Synopses & Reviews
The definitive classic on high-performance teams
The Wisdom of Teams is the definitive work on how to create high-performance teams in any organization. Having sold nearly a half million copies and been translated into more than fifteen languages, the authors clarion call that teams should be the basic unit of organization for most businesses has permanently shaped the way companies reach the highest levels of performance.
Using engaging case studies and testimonials from both successful and failed teamsranging from Fortune 500 companies to the U.S. Army to high school sportsthe authors explain the dynamics of teams both in great detail and with a broad view. Their conclusions and prescriptions span the familiar to the counterintuitive:
Commitment to performance goals and common purpose is more important to team success than team building.
Opportunities for teams exist in all parts of the organization.
Real teams are the most successful spearheads of change at all levels.
Working in teams naturally integrates performance and learning.
Team endings” can be as important to manage as team beginnings.”
Wisdom lies in recognizing a teams unique potential to deliver results and in understanding its many benefitsdevelopment of individual members, team accomplishments, and stronger companywide performance. Katzenbach and Smiths comprehensive classic is the essential guide to unlocking the potential of teams in your organization.
PRAISE for The Wisdom of Teams
A thoughtful and well-written book filled with fascinating examples . . . You will be hard-pressed to find a better guide to the essential building block of the organization of the future.” BusinessWeek
An unusually thorough study of teams . . . As well as challenging much conventional wisdom about teams, the book is full of advice about how to organize properand properly effectiveteams.” Financial Times
The Wisdom of Teams captures the power and vision of what great business teams can accomplish. Its stories and lessons should be read and learned.” Senator Bill Bradley
Jon Katzenbach and Doug Smith have lived with high-performance teams for years. Now they share their meticulous observations with all of us in an important and timely book, brimming with useful detail.” Tom Peters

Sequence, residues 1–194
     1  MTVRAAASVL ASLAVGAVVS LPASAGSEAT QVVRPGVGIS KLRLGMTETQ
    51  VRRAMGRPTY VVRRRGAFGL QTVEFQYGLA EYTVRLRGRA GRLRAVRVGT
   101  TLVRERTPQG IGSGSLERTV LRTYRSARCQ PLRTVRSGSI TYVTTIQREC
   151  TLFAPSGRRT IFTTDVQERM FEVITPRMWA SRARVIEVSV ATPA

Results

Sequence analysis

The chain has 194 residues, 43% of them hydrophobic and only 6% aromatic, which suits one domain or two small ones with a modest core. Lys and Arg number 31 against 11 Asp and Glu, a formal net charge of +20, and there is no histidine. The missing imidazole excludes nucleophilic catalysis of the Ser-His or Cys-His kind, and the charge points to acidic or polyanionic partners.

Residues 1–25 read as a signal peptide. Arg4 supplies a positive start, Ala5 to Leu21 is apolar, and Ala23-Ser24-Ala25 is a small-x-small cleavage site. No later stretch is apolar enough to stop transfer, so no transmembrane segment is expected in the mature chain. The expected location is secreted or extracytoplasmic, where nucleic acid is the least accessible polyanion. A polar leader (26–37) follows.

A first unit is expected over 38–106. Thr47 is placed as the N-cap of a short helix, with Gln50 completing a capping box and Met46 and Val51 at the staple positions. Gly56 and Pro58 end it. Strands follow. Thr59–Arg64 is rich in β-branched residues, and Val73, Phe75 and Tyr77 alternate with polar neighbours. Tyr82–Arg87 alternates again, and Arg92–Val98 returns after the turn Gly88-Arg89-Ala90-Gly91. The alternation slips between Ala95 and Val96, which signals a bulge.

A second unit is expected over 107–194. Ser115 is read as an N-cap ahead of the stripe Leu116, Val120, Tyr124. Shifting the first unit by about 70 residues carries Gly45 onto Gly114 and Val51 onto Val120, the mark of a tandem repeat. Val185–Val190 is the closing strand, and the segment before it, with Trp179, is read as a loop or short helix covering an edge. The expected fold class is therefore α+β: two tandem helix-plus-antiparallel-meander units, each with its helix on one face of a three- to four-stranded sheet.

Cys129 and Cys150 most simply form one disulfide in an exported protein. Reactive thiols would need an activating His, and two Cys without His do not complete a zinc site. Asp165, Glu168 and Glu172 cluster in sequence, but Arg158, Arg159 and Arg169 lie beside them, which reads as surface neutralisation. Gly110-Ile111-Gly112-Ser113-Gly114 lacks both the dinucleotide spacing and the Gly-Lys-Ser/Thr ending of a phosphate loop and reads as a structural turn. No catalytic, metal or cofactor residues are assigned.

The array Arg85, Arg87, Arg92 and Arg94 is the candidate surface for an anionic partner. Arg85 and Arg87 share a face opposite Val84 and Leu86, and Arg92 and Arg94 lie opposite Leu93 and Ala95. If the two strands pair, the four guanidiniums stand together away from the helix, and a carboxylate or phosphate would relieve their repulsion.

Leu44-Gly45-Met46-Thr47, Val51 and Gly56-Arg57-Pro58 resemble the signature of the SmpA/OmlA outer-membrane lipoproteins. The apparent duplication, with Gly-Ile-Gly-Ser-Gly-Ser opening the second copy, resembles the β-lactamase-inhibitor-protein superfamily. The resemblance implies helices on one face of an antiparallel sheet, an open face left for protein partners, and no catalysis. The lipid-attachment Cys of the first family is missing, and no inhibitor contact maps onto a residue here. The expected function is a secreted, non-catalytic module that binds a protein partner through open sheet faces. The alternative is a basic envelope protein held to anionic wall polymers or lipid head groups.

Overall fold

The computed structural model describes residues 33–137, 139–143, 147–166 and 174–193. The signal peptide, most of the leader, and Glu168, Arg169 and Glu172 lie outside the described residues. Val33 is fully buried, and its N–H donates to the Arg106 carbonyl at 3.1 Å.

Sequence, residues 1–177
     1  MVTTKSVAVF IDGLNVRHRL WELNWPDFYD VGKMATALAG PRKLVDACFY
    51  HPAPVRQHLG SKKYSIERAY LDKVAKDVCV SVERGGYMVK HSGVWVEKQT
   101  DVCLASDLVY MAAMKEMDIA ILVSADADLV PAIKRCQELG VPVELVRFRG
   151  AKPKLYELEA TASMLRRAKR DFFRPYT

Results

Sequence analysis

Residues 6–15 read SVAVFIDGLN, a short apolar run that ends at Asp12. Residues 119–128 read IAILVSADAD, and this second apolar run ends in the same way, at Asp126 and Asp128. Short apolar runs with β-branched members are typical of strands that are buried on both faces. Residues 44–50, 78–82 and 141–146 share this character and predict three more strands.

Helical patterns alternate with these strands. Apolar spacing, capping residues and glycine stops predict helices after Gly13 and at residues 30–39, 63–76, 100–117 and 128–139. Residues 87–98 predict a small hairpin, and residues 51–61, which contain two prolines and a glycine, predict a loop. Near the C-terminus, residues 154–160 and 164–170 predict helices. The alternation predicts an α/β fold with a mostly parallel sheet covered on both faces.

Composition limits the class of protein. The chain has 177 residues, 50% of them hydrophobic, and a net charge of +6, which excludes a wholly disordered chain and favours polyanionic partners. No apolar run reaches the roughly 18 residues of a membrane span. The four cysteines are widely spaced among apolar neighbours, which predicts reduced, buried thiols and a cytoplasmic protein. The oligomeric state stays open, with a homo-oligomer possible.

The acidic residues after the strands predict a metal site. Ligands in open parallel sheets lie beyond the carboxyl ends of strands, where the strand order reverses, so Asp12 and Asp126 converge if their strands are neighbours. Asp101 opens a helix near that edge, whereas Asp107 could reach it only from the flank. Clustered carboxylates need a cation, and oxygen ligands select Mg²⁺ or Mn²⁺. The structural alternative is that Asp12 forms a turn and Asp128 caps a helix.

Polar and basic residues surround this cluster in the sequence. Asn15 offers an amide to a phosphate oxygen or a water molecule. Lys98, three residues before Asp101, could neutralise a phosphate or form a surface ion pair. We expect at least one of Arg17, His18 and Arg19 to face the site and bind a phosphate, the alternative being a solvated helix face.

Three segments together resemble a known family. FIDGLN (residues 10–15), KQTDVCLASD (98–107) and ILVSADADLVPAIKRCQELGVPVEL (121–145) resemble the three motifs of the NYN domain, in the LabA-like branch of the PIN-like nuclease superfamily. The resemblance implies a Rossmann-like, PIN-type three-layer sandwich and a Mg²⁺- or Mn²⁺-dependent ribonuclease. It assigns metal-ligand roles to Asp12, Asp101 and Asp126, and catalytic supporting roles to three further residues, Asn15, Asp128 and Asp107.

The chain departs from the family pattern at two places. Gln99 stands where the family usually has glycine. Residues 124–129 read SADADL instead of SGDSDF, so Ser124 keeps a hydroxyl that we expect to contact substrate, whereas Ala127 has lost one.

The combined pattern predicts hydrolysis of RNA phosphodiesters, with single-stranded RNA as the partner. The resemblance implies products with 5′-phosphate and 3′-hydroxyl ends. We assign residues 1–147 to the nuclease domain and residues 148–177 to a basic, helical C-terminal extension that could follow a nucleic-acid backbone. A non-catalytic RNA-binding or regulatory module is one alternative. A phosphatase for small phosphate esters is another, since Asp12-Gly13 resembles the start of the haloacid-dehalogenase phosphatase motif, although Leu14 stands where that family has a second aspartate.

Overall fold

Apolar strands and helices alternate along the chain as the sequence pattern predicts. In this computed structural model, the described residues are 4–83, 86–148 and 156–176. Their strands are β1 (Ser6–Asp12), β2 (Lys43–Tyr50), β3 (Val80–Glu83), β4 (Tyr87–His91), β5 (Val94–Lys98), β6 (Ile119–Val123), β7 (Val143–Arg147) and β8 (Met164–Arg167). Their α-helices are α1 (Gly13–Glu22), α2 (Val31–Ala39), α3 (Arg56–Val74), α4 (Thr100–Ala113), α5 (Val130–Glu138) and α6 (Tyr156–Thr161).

Teams are the key to top performance.
Its long been known that teams, more so than single individuals and large groups, are the best at solving complex problems and delivering results. Great teams enabled Motorola to build the lightest, smallest, and highest-quality cell phones before the advent of the iPhone; Ford to leverage its Taurus brand to become the worlds most profitable car manufacturer; and U.S. coalition forces to claim victory in Iraq during the Gulf War.
But many companies dont have a proper understanding of how to form, organize, and utilize teams, and how teams play a key role in increasing profits, entering new markets, and coming up with new products and innovations, among many other objectives.
In The Wisdom of Teams, authors Jon R. Katzenbach and Douglas K. Smith reveal the traits that make great teams great. Based on conversations with hundreds of people in more than thirty companies, they describe how teams work best and how to enhance their effectiveness.
The basics of when, why, and how to form a team
The most important elements in team success
Who excels at team leadership . . . and why they are rarely the most senior people
Why meaningful, companywide change depends on teams
Comprehensive and time-tested, The Wisdom of Teams is the classic primer on making teams a powerful tool for success in today's global marketplace.
About the Author
Jon R. Katzenbach has been with McKinsey and Company, Inc. for more than three decades, and since the mid-1980s has led the firms worldwide organization performance and change practice. Douglas K. Smith is a leading commentator on organizational performance and change and a former McKinsey and Company, Inc. consultant who has coauthored two previous books: Sources of the African Past and Fumbling the Future: How Xerox Invented and Then Ignored the First Personal Computer.